The Council of Agriculture (COA) on Tuesday apologized for issues affecting egg supplies that have resulted in shortages in markets across Taiwan.
Earlier on Tuesday, Hon Hai Precision Industry Co founder Terry Gou (郭台銘) wrote on social media that an “egg crisis” is “sparing no one” and there is no quick end in sight.
“I want to remind the Democratic Progressive Party government once again: The people want a government that solves problems, not a government that explains them,” said Gou, who had presidential aspirations ahead of the 2020 election and is expected to launch a campaign for next year’s election.
COA Minister Chen Chi-chung (陳吉仲) wrote an apology on Facebook in response to the egg situation, saying that “when Terry Gou becomes concerned about the egg supply, it shows just how important the sustainability of Taiwanese agriculture is.”
Chen apologized for the shortage, but said that agricultural production cannot be quickly ramped up in the way that it can for manufactured items.
Egg-laying hens in Taiwan are procured from feedlots where they are raised for the first two to three months of their lives, he said.
The feedlots get their chickens from breeding farms, which import chickens from the US and other countries, he said.
“If there is a problem in one link of that chain, it can cause a domestic egg shortage,” Chen said.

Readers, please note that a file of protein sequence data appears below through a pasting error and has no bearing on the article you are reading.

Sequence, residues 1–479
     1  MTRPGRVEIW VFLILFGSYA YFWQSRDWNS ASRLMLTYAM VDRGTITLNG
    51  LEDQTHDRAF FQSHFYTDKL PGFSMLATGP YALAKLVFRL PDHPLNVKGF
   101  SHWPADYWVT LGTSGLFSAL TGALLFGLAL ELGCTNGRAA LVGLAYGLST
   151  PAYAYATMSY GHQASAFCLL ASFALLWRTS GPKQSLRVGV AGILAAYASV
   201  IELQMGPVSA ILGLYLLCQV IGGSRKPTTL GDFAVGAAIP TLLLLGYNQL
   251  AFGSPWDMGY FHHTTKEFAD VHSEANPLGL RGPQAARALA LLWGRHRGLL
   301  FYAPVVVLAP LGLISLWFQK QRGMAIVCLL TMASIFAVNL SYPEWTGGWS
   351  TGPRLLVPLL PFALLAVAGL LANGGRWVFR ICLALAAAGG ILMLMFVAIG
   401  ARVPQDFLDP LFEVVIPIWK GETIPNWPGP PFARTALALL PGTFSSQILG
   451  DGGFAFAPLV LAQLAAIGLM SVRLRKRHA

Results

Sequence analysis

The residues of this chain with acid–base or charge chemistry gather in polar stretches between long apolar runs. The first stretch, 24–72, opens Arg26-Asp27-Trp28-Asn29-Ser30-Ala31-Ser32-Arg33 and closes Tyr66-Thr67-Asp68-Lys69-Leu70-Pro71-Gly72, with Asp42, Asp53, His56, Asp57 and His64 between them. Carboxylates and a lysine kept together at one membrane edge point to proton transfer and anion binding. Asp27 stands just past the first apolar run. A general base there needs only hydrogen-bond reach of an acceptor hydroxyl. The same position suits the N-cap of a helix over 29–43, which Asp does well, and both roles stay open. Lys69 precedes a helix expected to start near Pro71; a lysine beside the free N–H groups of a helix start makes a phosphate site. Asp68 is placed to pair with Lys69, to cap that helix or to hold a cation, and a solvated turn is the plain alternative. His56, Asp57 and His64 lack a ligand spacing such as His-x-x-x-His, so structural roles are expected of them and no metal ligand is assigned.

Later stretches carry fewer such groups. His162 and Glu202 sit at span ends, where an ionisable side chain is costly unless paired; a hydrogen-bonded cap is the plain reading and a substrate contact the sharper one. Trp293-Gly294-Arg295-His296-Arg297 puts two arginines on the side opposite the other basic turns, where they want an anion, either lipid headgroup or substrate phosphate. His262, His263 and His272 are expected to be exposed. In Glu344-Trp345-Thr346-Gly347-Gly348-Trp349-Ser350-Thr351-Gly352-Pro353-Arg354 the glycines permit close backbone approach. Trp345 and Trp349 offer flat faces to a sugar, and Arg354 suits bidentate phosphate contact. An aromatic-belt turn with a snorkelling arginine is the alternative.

The shortage this year is being driven by a global outbreak of the H5N1 strain of avian influenza, which has affected poultry and egg production in Europe, Japan, South Korea and the US, he said.
Taiwanese authorities have confirmed 74 cases of H5N1 to date and culled 1.03 million chickens on affected farms in Taiwan, he said.
To replace the culled animals, Taiwan has been increasing imports of breeding chickens since late last year, Chen said.
The government is also working with breeding farms to ensure they are supplying at least 490,000 chicks per week to feedlots, Chen said, although he added that there would be a delay before that supply would result in marketplace balance.
Chen’s post did not give a timeframe for when the situation would improve.
It focused on the importance of modernizing Taiwan’s poultry industry to increase its resilience against bird flu outbreaks.
In separate comments on Tuesday, Vice Premier Cheng Wen-tsan (鄭文燦) said that the shortage would ease sometime early next month.
Taiwan’s daily egg demand in the past few years has risen to about 24 million, while its daily production capacity during the shortage has been about 22.6 million eggs, Chen said.
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